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Computer Access for Ugandans

In a hot, grey warehouse, Public Service Fellow Biyeun Bucyk ('10, Course 6) paints a sign that will direct locals to InterConnection Uganda (ICU), a computer refurbishing center in Kampala, Uganda. With the recently established Ministry of Information and Communication Technology, this new refurbishing center is part of a greater initiative to increase computer access, especially among youths. To decrease the cost of Internet access, the government recently constructed an Internet backbone to compete with the two privately owned lines. Expensive shipping costs and the time spent refurbishing donated computers limited the amount of time teachers could spend with students. From this challenge arose InterConnection Uganda.

As the acting supervisor of ICU, Biyen worked for two months over the summer in 2007, overseeing the shipments, the construction of the network and backup system, training staff members, and documenting operations. A year-round source for refurbished computers, ICU provides community members with IT jobs and training, and generates the income to pay for incoming shipments of Computers for Uganda (CFU), an organization that connects US high school students with Ugandan schools. In high school, Biyeun was a technical leader for CFU. "…I remember letting the students loose on the computer, watching them look things up in Encarta, watching them absorb the information… here was a computer: a huge, gigantic, compressed library of information," Biyeun recalls. While CFU volunteers are only in Uganda three weeks each year, ICU provides the technical support to run the school computer labs year-round. After the initial setup, the CFU team, led by two Microsoft employees, arrives and helps with further setup.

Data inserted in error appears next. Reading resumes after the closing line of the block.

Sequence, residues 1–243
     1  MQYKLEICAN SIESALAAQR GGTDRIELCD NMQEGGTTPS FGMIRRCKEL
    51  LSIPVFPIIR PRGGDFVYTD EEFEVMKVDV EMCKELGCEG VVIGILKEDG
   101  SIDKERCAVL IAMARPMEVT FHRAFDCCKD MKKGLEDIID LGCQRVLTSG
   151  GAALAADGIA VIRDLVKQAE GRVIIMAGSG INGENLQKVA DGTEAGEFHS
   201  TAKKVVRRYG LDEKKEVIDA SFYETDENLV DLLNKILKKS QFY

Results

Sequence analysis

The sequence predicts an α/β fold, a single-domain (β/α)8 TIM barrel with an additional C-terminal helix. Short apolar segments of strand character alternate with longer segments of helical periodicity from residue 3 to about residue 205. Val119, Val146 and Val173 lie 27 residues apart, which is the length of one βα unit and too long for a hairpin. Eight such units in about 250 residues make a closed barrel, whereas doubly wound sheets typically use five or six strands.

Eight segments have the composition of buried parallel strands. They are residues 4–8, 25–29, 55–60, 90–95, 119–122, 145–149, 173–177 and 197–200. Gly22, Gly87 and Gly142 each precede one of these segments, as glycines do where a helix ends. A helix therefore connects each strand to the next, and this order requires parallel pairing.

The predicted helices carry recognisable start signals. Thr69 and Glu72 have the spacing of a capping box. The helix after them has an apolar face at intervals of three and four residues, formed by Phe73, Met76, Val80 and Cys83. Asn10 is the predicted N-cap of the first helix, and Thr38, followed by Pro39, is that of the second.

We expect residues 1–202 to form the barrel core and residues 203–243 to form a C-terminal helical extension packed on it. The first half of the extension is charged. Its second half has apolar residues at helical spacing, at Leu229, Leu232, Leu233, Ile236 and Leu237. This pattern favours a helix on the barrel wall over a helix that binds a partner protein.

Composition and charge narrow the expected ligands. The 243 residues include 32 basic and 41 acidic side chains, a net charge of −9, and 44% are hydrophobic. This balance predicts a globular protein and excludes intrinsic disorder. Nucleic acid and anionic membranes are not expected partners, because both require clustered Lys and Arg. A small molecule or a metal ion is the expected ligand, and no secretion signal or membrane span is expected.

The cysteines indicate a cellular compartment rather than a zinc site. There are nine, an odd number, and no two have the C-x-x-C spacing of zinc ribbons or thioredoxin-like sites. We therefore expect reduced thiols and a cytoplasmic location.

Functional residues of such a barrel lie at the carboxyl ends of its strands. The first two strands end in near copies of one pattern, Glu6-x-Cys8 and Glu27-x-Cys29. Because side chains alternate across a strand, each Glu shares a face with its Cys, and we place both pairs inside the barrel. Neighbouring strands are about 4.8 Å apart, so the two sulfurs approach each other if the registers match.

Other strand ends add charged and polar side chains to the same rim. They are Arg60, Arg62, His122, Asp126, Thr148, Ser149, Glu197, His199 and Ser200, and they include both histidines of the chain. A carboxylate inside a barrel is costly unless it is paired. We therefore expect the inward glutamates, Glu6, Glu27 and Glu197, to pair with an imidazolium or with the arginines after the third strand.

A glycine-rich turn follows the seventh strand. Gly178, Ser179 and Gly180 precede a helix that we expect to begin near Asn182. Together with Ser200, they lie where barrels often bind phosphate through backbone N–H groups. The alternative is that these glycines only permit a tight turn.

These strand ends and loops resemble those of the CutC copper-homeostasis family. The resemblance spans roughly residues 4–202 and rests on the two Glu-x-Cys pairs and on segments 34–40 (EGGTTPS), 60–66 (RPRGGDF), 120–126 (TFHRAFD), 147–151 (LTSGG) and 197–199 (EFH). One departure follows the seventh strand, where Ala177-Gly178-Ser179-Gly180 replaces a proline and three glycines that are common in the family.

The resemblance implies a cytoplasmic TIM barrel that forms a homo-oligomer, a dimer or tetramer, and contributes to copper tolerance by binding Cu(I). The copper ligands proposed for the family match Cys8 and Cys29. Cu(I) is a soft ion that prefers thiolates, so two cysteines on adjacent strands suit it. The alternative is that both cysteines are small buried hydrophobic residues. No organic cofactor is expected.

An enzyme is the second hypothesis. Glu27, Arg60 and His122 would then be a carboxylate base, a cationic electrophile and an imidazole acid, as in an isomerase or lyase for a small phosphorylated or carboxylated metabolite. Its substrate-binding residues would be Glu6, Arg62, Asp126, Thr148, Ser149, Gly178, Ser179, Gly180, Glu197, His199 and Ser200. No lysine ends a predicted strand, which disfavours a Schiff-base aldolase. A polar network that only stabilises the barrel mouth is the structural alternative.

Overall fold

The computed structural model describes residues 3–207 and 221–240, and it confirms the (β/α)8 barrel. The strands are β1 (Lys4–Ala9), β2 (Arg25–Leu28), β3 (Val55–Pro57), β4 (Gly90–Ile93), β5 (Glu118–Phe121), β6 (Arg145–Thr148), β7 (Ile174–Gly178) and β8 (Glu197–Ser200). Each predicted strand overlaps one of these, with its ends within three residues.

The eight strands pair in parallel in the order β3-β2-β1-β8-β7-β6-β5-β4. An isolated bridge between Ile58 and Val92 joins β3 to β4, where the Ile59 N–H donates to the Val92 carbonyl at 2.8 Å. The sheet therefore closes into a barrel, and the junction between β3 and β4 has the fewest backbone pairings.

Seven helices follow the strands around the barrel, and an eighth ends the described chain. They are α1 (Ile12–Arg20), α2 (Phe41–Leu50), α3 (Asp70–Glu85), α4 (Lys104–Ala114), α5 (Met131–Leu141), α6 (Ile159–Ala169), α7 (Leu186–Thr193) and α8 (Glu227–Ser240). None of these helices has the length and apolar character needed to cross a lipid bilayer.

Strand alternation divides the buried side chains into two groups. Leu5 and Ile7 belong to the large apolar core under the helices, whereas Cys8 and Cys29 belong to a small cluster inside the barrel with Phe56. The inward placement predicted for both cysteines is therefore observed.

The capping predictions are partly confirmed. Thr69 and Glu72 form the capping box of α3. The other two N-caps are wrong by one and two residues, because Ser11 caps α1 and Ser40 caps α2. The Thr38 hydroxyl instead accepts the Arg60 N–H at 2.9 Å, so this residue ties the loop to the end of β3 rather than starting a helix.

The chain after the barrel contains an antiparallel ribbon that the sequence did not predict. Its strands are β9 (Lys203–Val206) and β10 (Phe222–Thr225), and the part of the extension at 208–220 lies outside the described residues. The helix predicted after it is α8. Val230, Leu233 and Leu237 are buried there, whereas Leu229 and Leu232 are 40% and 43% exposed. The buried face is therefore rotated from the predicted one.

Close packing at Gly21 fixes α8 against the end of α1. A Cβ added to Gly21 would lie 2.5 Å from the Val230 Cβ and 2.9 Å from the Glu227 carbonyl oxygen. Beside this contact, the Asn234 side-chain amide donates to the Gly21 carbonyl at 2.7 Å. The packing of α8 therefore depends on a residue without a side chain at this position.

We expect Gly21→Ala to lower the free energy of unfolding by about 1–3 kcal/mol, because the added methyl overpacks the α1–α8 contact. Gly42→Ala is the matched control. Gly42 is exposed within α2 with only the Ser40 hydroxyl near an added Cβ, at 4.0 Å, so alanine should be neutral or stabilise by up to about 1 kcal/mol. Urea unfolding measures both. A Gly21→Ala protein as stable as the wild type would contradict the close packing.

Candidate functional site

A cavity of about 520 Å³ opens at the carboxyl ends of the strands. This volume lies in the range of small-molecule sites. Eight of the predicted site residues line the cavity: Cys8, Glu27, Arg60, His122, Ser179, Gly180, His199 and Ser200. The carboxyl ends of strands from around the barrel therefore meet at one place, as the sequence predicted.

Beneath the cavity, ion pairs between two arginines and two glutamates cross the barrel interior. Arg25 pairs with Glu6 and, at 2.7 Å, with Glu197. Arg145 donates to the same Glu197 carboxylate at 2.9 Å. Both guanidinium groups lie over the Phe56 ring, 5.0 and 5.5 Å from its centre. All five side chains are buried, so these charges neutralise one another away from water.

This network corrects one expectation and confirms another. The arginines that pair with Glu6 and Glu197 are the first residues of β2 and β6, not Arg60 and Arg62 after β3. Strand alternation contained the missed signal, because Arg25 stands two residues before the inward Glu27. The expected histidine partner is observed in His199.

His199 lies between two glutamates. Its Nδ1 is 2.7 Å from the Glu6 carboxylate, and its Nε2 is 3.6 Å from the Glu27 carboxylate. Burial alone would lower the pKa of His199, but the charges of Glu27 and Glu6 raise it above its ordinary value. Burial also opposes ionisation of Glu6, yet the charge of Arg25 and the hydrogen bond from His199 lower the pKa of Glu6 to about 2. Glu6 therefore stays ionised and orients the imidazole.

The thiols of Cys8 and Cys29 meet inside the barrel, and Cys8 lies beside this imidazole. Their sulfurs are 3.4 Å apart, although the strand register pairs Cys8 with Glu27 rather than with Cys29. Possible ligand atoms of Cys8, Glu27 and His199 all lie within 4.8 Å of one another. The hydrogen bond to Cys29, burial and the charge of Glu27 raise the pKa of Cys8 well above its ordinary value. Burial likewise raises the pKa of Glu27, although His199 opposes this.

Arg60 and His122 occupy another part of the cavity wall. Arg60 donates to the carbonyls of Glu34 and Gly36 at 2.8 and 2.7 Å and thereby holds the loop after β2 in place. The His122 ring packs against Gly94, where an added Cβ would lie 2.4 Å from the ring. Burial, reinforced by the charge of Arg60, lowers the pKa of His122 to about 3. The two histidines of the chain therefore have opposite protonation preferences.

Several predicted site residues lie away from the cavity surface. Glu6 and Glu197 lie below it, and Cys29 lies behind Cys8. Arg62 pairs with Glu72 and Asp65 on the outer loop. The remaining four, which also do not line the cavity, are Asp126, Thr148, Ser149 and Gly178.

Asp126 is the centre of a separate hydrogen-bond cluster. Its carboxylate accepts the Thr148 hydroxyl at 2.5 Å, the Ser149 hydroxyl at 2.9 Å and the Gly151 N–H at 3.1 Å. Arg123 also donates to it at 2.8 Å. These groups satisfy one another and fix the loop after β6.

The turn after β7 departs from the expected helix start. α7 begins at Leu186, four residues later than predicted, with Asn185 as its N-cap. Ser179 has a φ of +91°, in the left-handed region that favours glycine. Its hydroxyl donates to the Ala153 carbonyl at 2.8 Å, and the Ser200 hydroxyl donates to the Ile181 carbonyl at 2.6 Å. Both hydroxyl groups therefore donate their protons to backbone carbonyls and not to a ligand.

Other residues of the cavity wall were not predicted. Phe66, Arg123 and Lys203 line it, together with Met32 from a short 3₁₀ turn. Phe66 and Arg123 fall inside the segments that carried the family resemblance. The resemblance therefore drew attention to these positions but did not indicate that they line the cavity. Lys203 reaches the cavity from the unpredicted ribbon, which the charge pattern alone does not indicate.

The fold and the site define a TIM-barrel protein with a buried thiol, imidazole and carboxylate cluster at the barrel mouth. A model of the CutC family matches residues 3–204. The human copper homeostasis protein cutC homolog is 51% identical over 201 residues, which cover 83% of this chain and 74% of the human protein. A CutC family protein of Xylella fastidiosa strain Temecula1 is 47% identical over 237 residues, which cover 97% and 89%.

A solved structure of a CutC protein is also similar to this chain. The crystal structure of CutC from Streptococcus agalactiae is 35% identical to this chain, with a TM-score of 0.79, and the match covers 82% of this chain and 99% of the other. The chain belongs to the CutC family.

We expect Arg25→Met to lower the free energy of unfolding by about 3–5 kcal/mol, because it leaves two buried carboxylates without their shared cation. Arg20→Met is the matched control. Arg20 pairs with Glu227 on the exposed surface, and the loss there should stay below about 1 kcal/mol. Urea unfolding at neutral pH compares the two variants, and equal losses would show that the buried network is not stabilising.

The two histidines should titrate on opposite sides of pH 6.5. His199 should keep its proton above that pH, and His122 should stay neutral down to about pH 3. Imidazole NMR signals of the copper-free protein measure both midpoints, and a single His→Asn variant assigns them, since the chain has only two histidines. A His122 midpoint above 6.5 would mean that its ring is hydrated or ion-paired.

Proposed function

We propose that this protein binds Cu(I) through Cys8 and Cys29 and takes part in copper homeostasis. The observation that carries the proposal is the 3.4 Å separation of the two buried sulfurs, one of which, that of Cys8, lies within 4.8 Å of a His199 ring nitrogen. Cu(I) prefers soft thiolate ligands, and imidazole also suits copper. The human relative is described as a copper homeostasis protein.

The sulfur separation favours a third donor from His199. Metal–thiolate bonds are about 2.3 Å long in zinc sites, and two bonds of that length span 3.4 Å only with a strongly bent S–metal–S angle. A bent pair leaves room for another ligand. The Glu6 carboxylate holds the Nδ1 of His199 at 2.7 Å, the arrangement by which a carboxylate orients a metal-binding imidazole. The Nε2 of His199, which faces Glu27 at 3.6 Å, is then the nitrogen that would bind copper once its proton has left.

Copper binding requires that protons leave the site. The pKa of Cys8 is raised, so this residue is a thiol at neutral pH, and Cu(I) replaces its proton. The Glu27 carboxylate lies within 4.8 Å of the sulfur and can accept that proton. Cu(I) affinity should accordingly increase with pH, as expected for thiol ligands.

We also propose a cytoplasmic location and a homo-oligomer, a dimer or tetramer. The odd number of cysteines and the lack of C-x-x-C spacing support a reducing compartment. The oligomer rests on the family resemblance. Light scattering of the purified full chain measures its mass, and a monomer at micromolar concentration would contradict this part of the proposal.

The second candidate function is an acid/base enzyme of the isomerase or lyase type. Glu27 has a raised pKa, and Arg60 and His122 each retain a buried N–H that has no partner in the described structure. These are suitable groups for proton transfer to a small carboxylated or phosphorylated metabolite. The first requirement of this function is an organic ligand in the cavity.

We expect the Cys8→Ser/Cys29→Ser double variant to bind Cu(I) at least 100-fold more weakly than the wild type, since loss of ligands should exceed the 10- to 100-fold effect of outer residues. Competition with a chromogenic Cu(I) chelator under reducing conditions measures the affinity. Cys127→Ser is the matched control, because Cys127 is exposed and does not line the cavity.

"I'm here to bring fuel for creativity," said Biyeun, "because every wide-eyed student I meet can change this country. I want to see them contribute to the economy by creating new, innovative businesses. I want to see them investigate the problems in their communities on their own and actually have resources to find solutions. I want to teach them to teach themselves, and I think there is no better and cheaper tool for that in this environment than a computer and access to the Internet." Biyeun was given a unique opportunity to experience all Uganda had to offer. She met the Vice President and dined with the First Lady. "I was immersed completely in the Ugandan culture. I learned how to navigate around Kampala on matatus (public taxis/buses), how to speak a little Ugandan, how to setup and run a business in a developing country, and how to adapt to unexpected changes."

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